Inquiry call over `demon' doctor's reign

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The Independent Online
MORE THAN 120 women who suffered at the hands of an incompetent surgeon are considering legal action for compensation in a case that is developing into one of the worst medical scandals of the decade.

The case of Rodney Ledward, who styled himself the fastest gynaecologist in the South-east, is continuing to generate scores of calls from worried women to the William Harvey hospital in Ashford, Kent, where he was allowed to operate unchecked for 16 years from 1980 until he was sacked in 1996.

Mr Ledward, 58, who operated in NHS and private Bupa hospitals, was only struck off the medical register in September. Since then, 418 women have called the hospital about their treatment and lawyers say there are many others whose stories have yet to be told.

The Tory MP and shadow foreign secretary, Michael Howard, has called for a public inquiry into the case. Speaking in an adjournment debate late on Thursday, Mr Howard, who is MP for Folkestone and Hythe, said comparisons would inevitably be drawn with the Bristol babies disaster. "The tragic events ... are in my view at least as serious at the events that led to the Bristol inquiry," he said.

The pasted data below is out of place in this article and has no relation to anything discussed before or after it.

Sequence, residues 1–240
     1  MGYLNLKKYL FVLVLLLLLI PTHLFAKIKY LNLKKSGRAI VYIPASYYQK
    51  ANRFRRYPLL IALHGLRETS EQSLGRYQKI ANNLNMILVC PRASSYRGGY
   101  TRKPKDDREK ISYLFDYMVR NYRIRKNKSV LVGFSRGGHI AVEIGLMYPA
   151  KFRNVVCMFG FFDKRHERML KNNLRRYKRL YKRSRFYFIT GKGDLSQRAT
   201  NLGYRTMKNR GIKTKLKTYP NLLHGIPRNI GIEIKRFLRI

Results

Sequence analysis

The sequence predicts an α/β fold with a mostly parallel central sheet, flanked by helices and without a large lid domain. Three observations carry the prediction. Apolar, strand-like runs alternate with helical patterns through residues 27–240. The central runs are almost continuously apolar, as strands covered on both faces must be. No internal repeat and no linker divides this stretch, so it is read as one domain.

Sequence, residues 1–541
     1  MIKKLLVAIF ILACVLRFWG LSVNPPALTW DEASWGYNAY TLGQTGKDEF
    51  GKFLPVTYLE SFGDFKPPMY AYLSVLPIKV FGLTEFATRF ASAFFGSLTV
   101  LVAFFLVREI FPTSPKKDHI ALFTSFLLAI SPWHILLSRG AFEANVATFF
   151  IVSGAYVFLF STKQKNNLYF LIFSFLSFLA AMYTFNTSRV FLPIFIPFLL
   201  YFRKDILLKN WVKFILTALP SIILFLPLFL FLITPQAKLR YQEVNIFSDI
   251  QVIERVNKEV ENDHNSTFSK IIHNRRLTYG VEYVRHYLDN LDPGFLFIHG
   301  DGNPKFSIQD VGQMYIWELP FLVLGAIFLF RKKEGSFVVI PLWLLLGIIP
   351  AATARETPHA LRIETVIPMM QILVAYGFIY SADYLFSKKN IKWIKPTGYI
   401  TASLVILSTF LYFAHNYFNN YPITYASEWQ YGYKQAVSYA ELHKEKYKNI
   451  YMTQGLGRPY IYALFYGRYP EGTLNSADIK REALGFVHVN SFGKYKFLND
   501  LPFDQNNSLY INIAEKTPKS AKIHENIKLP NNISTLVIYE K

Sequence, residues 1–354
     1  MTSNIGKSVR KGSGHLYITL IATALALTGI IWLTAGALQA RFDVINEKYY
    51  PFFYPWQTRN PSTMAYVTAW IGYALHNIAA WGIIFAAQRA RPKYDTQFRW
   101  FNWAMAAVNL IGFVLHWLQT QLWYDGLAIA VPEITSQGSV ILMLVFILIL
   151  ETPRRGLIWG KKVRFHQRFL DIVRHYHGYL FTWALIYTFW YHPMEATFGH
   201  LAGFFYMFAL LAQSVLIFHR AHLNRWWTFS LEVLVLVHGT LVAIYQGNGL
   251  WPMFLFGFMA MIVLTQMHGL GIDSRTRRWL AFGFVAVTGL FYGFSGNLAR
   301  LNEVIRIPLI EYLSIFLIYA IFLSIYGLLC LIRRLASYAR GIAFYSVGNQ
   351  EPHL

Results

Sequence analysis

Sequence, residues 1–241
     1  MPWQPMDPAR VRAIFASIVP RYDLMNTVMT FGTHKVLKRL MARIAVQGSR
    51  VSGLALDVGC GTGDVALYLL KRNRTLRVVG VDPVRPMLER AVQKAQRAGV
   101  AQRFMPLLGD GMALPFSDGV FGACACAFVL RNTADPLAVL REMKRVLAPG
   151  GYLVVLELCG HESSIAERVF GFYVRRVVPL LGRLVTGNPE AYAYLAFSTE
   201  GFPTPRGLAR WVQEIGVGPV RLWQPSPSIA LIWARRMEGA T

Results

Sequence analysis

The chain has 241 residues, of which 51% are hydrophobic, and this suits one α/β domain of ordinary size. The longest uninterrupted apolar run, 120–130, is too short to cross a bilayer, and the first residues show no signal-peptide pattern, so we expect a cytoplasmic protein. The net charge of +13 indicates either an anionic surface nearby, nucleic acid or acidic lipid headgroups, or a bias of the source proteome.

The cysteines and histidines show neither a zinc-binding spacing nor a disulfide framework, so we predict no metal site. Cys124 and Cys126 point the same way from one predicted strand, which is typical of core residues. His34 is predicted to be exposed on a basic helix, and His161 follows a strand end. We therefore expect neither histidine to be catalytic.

Alan Milburn, the Health minister, condemned the surgeon and said the physical and mental distress caused to his patients should never have been allowed to happen. "I am appalled by Mr Ledward's activities and by the fact that they were allowed to go on for so very long. He was an incompetent, irresponsible and arrogant surgeon who seemingly had little or no regard for his patients."

Mr Milburn said ministers had now received a report on the case from the hospital and would consider calls for a public inquiry. Further questions had been put to the hospital including how no alarm bells had sounded when Mr Ledward was involved in 12 medical litigation cases from 1983.

He added that 168 of the 418 patients who had called the trust so far had been seen and a "preliminary analysis" had shown that 22 NHS patients and 15 private patients may have suffered injury.

Yesterday, that figure was disputed by lawyers acting for the women. Patricia Fearnley, of Thomson, Snell and Passmore, in Tunbridge Wells, which is handling the bulk of the cases, said: "That is very much on the low side. I am used to dealing with medical negligence cases and there are very few of these women about whom I have thought immediately they have not got a claim."

Ms Fearnley said a public inquiry was necessary because many of the operations were not needed and had been done in a private Bupa hospital, St Saviour's, in Hythe. There was a question about the lack of regulation of the private sector.

She added: "This man was a demon. Some women are only just starting to speak about what happened to them because it is very private. I don't think we have heard the full horror of it yet."

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